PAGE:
Airing immediately after the NCIS season premiere, NCIS: Los Angeles offered its usual change of pace from its parent series - much faster-paced, action-packed and more explosive.
We've enjoyed the show since the beginning and have never once come away disappointed, but it never quite compares to the original. It just isn't as character-based or compelling.
That said, it can still be a hell of a lot of fun.
DUCK AND COVER: The 198th near-death experience for Sam and G.
Even the opening sequence of "Human Traffic," which turned out to be Callen's dream, was exhilarating. This show will get your pulse pounding with scenes that aren't even real!
Between that chase scene, the car bomb explosion and the revelation that Det. Mary Deeks is missing, we knew we were in for a thrill ride from the onset, and were not let down.
While Deeks going missing evoked memories of last season's story arc with Agent Vaile, the episode marked a fine introduction for Eric Christian Olsen as a new series regular.There was the usual mix of cloak-and-dagger spy games and full-on firefights, with the team tailing Deeks without him knowing, and finally finishing off Serbian terrorist Lazik.
These guys end up in a lot of old warehouses and power plants, don't they? Every episode ending like a Michael Bay film may be a tad unrealistic, but at least they're big-budget!
The twist of the lead LAPD investigator, Scarli, being the link to the human trafficking ring was a nice twist, too. He could have been stonewalling them just because, and Deeks was already in danger. We weren't on the lookout for another bad guy until he figured it out.
Callen's insomnia and lingering attachment issues made for some intriguing character moments, too. When Hetty stunned G by purchasing him a house - Alina's house - you could sense how moved he was, however unfamiliar he may be with the concept of home.
Also, where is Nate's mission taking him? Not even he knew the details when he was shipped off. How many weeks will it be until Peter Cambor resurfaces, and in what context?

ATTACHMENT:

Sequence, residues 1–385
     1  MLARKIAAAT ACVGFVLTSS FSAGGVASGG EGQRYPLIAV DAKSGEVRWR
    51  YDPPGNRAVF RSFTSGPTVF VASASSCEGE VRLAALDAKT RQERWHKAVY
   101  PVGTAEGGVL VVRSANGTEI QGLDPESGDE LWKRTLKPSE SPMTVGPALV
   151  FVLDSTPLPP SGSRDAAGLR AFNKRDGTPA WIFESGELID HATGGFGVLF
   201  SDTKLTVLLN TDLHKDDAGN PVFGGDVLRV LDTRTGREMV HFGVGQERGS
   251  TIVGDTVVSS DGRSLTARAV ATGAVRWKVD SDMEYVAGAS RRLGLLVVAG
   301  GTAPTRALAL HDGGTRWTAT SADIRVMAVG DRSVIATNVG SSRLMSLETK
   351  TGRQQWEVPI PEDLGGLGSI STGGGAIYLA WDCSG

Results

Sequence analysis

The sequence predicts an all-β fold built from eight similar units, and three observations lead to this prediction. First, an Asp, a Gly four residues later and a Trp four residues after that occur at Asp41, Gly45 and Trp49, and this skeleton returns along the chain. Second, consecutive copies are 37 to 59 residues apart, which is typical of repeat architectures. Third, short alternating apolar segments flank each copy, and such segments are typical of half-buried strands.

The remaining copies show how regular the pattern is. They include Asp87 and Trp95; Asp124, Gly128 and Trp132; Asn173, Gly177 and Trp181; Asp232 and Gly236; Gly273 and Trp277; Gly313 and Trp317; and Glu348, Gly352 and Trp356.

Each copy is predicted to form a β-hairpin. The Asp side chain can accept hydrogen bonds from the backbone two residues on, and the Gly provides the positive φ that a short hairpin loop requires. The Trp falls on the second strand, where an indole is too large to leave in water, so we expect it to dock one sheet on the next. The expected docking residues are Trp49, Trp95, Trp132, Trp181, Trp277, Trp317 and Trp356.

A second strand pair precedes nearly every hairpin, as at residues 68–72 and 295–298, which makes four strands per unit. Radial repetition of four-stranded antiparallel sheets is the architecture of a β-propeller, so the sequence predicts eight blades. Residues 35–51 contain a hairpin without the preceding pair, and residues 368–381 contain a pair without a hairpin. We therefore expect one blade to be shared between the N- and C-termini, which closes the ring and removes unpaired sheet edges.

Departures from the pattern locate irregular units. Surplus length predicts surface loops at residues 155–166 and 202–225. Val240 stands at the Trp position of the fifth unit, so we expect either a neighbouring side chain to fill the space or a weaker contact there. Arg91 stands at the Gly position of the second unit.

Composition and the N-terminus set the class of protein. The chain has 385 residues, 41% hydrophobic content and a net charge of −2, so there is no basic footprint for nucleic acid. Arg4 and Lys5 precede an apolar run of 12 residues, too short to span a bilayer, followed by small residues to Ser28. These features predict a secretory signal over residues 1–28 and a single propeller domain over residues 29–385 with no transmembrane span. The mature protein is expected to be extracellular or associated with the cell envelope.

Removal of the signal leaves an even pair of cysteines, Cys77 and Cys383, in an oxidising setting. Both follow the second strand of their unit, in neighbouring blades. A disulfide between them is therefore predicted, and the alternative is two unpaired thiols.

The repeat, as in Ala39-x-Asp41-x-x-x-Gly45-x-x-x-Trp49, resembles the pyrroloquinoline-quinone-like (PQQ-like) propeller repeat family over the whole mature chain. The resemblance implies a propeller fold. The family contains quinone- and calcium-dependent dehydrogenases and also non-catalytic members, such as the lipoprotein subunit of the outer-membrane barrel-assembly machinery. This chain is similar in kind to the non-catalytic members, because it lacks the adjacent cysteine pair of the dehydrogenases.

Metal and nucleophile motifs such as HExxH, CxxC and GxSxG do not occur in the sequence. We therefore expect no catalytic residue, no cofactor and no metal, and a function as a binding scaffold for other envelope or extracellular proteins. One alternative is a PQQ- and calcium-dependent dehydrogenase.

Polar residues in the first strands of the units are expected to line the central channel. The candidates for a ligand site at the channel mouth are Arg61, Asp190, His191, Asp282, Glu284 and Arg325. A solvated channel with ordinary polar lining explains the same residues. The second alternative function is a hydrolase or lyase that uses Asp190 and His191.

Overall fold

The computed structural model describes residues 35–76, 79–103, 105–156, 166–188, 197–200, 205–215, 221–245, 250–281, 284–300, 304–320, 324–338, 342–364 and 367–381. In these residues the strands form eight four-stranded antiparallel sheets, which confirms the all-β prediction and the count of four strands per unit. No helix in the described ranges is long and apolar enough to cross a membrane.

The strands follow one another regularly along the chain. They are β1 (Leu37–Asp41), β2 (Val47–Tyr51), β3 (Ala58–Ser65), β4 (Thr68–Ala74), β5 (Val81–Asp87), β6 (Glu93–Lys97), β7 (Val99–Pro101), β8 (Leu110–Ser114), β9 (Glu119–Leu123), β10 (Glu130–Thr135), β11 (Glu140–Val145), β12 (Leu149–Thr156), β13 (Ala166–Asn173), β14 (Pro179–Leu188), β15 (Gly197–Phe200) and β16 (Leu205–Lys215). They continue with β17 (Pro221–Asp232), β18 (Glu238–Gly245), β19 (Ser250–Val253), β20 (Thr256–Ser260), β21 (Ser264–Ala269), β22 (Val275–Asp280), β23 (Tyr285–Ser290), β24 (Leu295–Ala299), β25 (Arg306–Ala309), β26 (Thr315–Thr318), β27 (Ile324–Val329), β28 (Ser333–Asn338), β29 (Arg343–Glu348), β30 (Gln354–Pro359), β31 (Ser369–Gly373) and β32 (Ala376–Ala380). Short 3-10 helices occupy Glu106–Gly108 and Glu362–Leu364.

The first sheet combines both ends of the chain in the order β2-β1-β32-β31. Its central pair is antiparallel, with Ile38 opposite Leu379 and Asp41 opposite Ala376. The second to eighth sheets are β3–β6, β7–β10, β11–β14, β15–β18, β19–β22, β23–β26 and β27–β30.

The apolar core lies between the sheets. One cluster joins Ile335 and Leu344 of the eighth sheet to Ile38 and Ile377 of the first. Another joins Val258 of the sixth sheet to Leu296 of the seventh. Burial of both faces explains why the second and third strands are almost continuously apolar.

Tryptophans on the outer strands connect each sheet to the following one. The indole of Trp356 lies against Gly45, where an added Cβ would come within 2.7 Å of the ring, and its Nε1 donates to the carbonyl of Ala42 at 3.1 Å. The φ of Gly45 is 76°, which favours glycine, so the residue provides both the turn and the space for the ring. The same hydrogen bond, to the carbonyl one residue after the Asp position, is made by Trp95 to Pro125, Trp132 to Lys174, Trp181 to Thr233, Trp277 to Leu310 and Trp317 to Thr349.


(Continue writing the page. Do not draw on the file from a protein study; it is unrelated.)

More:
THE NEW GUY: Marty Deeks meshes well with the OSP.
The second hour of the season premiere event, "Black Widow," had little connection to the first, making you wonder why they billed it as a two-hour episode in the first place.
Regardless, by opening with the murder of NCIS Special Agent Williams by a professional hit squad in Cyprus from the vantage point of the killers, "Black Widow" had us hooked.
The killers' ties to a Chechen terrorist group whose leader, Vakar, had been presumed dead years ago, sent the NCIS: Los Angeles agents frantically searching for the next target.
With Callen posing as the "B" squad hitman and infultrating the group, he learns that a suburban housewife, Emma Mastin, is the next target. We later learn she was Vakar's wife.
Hetty, Deeks and Kensi, who were all terrific in this episode, learn that after Vakar's staged death, she became a highly trained "Black Widow" - a would-be suicide bomber.
She escaped before she could carry out an attack, however, and Vakar is after her - and their son. Cue inevitable firefight! Emma personally killing the hitman was a nice touch.
On a lighter note, the various cover stories and identities assumed by the agents are often hinted at, but rarely discussed so candidly as in this episode. It shed an interesting life on the sacrifices these agents make aside from being shot at pretty much daily.
A museum curator, Kensi? Don't quit your day job ...
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